From Michael Wines, the New York Times: China is pressing European governments to boycott the ceremony awarding the Nobel Peace Prize to the Chinese dissident Liu Xiaobo , warning that the award interferes in China’s internal affairs and that Mr. Liu is a criminal, Western diplomats said on Thursday.
Beijing also urged governments not to issue the statements of support and congratulation that are customary for Nobel laureates, they said.
The unusual request was delivered to European embassies in Oslo, the site of the award ceremony in December, in a written démarche, or diplomatic note, the highest level of communication between diplomatic outposts. …
Whether by Beijing’s design or otherwise, the Nobel award is emerging as an early test of China’s newfound diplomatic clout, the product of its emergence as a global economic power.
China is investing heavily in Europe, buying debt and assets depressed by the global financial crisis and becoming a significant partner for hard-hit nations like Spain and Greece. Britain is sending its largest-ever ministerial delegation, including Prime Minister David Cameron, to Beijing next week in search of business deals. President Hu Jintao of China visited France on Thursday, apparently to purchase 110 Airbus passenger jets for Chinese airlines.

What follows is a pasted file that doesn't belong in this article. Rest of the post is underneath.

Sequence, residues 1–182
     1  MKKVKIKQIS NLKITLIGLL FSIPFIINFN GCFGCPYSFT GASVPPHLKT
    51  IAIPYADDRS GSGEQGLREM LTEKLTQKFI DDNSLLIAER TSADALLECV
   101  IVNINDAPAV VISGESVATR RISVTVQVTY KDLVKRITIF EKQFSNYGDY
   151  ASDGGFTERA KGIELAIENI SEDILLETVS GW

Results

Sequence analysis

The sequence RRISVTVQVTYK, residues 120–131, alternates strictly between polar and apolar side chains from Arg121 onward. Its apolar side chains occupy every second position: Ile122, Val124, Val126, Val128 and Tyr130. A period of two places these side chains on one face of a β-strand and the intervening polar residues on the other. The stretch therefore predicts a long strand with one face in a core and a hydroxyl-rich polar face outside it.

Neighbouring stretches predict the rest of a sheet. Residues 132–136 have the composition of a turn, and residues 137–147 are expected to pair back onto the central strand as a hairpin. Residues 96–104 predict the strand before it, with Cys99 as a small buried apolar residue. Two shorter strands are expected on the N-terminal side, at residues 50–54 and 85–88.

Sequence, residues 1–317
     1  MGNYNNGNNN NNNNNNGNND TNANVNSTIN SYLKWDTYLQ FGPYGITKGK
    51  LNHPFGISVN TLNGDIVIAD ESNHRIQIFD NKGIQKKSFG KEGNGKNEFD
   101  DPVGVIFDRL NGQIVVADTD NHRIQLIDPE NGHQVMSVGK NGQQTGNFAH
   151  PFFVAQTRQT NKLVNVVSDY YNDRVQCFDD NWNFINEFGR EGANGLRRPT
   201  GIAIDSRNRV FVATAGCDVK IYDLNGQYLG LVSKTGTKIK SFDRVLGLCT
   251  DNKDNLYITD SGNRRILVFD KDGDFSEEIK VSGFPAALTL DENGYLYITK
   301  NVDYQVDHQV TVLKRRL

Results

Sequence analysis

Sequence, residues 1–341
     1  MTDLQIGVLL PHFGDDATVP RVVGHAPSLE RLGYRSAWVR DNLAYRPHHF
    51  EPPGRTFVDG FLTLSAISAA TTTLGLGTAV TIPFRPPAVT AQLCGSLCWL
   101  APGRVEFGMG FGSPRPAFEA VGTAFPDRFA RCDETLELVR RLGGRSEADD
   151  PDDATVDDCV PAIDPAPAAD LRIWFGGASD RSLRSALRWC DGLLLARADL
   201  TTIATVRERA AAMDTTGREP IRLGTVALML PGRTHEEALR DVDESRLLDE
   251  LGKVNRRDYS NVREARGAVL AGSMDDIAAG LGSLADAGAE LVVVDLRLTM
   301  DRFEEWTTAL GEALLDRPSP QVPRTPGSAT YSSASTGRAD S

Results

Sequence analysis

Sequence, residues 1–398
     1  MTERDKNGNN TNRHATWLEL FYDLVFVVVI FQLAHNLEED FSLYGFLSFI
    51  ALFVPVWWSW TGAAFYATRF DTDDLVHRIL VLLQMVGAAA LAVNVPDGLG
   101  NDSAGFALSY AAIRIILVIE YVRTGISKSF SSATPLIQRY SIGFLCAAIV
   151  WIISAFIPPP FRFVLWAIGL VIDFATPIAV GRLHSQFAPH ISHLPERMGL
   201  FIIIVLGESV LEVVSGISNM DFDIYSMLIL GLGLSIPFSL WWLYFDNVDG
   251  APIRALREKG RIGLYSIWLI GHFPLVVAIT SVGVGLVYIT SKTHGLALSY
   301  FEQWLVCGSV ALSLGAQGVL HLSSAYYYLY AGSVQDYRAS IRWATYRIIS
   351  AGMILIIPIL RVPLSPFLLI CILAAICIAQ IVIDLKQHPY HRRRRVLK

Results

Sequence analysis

Since the October announcement of the Nobel award, the United States and other governments have urged China to free Mr. Liu, while some governments, including some Western democracies, have pointedly limited their statements to congratulations without calling for his release.
Chinese officials have attacked the Nobel award committee, insisting that the award demeans the peace prize. China’s state-controlled media have published polls purporting to reflect ordinary Chinese citizens’ unhappiness with the award, and newspapers have defended China’s human rights record while assailing those of the United States and other nations.
Beijing also warned Norway before the prize was announced that naming Mr. Liu would strain diplomatic relations. In recent days, Chinese officials have also called foreign diplomats to meetings to deliver warnings similar to those in the diplomatic note, The Associated Press reported. (photo: Getty)